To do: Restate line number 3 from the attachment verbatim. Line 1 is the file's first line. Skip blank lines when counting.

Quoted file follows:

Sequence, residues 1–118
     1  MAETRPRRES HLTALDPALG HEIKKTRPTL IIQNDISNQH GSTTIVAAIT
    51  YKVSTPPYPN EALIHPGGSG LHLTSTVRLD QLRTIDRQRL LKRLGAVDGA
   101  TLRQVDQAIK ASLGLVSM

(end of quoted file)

    51  YKVSTPPYPN EALIHPGGSG LHLTSTVRLD QLRTIDRQRL LKRLGAVDGA